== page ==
Wikipedia Co-Founder Picks a Nice Day to Log Off

Larry Sanger
Photo: Kiichiro Sato (AP)

Thursday is projected to be a lovely summer day: high of 86, slight breeze and slightly overcast, no chance of rain—in New York anyhow. It’s also a national holiday. If all that sounds like good conditions to get away from the computer and enjoy the sunshine, incidentally, you’re part of a protest!

Dr. Larry Sanger, a co-founder of Wikipedia, is declaring a social media strike for July 4 and/or 5, complete with its own patriotic Declaration of Digital Independence. That Sanger could not decide on which day to coordinate the inaction of the 900 or so people to sign his petition on Change.org gives some indication as to the fuzziness of this protest.

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Social media is increasingly being seen as a source for great social evil, a vast collection of negative externalities with shrinkingly few benefits where nearly every company running such a platform is controlled by amoral capitalist vampires. On this Sanger and I agree completely. Rather than call for antitrust regulation and an overhaul of data privacy law—the direction the tide seems to be heading in—Sanger intends to use this protest instead to “urge the global developer community to perfect a new system of decentralized social media.” There’s something naive and almost sweet in presuming market competition and ingenuity is enough to topple the Facebooks of the world—especially with the express parameter of not monetizing user data, essentially taking on one of the toughest industries with both hands tied.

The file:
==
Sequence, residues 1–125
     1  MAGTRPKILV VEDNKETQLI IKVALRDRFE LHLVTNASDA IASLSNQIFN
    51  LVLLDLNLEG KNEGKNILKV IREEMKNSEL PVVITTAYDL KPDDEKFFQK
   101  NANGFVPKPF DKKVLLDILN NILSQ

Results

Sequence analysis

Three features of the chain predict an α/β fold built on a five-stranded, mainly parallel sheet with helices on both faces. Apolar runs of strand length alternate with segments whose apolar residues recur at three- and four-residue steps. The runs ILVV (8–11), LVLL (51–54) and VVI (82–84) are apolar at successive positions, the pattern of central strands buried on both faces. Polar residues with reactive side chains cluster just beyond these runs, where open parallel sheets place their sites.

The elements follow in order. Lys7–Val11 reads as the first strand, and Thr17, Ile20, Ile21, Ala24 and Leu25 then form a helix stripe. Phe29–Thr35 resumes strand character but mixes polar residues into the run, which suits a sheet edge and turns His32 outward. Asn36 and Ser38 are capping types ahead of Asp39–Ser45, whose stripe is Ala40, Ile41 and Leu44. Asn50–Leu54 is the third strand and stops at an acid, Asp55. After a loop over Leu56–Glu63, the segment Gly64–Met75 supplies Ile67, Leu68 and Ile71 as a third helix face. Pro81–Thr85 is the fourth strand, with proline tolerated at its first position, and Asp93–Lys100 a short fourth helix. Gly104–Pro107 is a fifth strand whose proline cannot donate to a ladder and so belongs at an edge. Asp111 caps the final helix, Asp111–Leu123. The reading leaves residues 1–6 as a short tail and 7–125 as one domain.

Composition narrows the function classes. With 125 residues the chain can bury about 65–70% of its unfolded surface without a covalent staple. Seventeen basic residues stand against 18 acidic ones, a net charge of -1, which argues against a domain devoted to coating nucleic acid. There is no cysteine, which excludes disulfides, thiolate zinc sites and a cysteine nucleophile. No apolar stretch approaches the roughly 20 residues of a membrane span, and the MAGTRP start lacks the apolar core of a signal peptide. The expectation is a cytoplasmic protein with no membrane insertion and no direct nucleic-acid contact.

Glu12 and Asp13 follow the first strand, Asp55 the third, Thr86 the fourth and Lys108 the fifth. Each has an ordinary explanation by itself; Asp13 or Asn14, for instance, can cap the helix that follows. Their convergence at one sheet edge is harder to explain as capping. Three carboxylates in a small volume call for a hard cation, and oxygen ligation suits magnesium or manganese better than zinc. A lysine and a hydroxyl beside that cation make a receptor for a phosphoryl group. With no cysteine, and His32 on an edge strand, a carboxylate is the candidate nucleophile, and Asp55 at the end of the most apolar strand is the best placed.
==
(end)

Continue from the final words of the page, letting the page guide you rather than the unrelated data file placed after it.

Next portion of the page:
Utopian? Sure. Sanger sounds like he just woke up from a 25-year coma and is asking why no one’s posting on USENET anymore. Ideologically sound though, in that social media’s ills need to be addressed, preferably yesterday. But beyond users asserting control over their own data, Sanger also wants social media services to “become interoperable. If we make a post on one service, it can appear on another service.” Jesus Christ, I can’t imagine anything worse.

What comes to mind also is that, well, a decentralized social network isn’t a new concept. In fact, it’s been tried—repeatedly! The federated alternatives to Facebook (Diaspora) and Twitter (Mastodon) exist, and while they’re home to some niche communities, they don’t even remotely pose a threat to reigning platforms.

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Sanger of all people should be keenly aware that these sorts of initiatives only provide refuge for a very specific subset of people: After leaving Wikipedia, he founded Citizendium, a competing online encyclopedia I had never heard of until writing this very article. The depressing last paragraph of Citizendium’s Wikipedia page states, “a referendum was held to abolish the governing Citizendium Charter and the Council in favor of Wikipedia-style discussion and consensus. It attracted nine votes, and was passed. A new Managing Editor was to be elected at the same time, but there were no nominations.”

In any case, the only real element of Sanger’s protest is to not post (unless you’re posting about not posting). So turn your phone off at the barbecue—it might not birth the decentralized internet, but you’ll probably feel better looking away from a screen anyway.

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Bryan Menegus

Senior reporter. Tech + labor /// bryan.menegus [at] gizmodo.com Keybase: keybase.io/bryangm Securedrop: http://gmg7jl25ony5g7ws.onion/

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